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Sadly, I can't remember where I read it, but...
...in C++ you can derive a class from a template parameter. Im pretty sure it was called
Feature Oriented Programming (FOP) and meant to be somehow useful.

It was something like:

template <class T>
class my_class : T {
  // some very useful stuff goes here ;) 
}

My questions about this:

  1. What is the sense of such pattern?

  2. Since this it not possible in Java / C#, how this pattern is achieved in these languages?

  3. Can it be expected to be implemented in Java / C# one day?
    (Well, first Java would need to get rid of type erasure)

EDIT:
I'm really not talking about generics in Java / C#
(where you can't derive a class from a generic type parameter)

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3 Answers 3

So, the place I see that pattern most in c++ is the behavior of mixins (link), which I guess is an implementation of FOP. The article I've linked goes into an example of Aspect Oriented Programming to try to make a similar effect in java.

I doubt you'll see features like templates (which are essential to the mixin approach) in other languages, though they could develop better patterns for AOP. Personally, I think the easiest method I've seen for this is languages like python and ruby, which allow manipulation of the interface, but it's a runtime mechanism to c++'s compile time metaprogramming facilities, so it is like comparing apples and oranges.

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I've seen this pattern before, but never knew it as Feature Oriented Programming. I looked up FOP here: http://wwwiti.cs.uni-magdeburg.de/iti_db/forschung/fop/featurec/ and it doesn't look similar.

The pattern I know that does something very much like your describing is called Policy Based Design. It is thoroughly discussed in Modern C++ Design by Andrei Alexandrescu. The previous poster mentioned Aspect Oriented Programming, which I think Policy Based Design is a small subset of (basically it's 1-dimentional AOP instead of N-dimentional).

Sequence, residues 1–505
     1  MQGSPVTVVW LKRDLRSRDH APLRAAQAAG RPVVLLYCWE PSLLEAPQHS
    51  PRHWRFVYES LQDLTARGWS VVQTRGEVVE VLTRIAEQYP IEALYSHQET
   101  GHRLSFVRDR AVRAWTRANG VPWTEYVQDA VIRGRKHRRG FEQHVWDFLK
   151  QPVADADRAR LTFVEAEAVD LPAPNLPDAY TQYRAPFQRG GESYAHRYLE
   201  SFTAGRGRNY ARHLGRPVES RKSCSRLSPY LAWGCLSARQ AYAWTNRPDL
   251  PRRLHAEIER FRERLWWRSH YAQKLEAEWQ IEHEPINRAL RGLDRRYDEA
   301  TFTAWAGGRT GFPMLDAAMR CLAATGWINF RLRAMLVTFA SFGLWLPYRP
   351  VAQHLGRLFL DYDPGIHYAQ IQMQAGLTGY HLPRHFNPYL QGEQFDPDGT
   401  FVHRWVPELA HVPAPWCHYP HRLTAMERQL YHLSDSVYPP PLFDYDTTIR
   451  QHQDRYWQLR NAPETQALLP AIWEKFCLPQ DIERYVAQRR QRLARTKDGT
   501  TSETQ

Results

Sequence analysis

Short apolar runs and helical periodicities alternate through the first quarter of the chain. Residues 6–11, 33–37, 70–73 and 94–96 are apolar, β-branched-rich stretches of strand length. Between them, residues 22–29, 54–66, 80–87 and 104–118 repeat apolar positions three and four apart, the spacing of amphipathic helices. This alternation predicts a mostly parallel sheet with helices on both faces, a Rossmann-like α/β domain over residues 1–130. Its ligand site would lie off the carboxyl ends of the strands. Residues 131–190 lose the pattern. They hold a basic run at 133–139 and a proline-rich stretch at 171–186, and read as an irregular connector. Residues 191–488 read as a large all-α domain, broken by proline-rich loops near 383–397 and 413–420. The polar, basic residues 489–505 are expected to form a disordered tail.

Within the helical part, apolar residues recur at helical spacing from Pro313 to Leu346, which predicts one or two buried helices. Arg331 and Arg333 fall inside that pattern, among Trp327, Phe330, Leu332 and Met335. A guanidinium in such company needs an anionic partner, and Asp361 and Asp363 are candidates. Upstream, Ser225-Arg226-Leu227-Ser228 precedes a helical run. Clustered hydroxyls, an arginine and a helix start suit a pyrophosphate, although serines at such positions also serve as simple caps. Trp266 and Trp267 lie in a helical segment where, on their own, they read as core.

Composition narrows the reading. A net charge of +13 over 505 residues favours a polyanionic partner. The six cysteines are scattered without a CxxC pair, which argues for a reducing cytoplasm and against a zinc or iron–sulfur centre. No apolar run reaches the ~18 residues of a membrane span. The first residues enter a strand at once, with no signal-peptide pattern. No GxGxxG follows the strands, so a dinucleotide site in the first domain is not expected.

I don't imagine Policy Based Design will be implemented in Java or C#, but AOP kind of has been for Java with AspectJ http://www.eclipse.org/aspectj/. It looks like there have been some attempts with C# but I didn't notice anything worth mentioning.

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AHEAD is a methodology for doing feature-oriented programming, and there is a java composer. There is also a Eclipse IDE for doing fop applications. You can even choose AHEAD composer (java) or featurec++ for c++. All these are implemented as source-to-source compilers

http://wwwiti.cs.uni-magdeburg.de/iti_db/research/featureide/

the meaning of this approach is that you implement features as layers, each layer is exactly one feature. So in this layer you keep code that refines some of the code in lower layers (layers/features are ordered) and you also encode how the feature interacts with other features. In a layer there might be refinements to multiple classes (exactly what you would do if you had to add a certain feature to your existing program), but with FOP you don't really lose the previous version. The idea is that if you disable a certain feature from a given build, that means that the code that interacts with that feature is not injected but the rest of the features remain unaltered.

Think of it as an additional dimension of polymorphism and how you organize functionality

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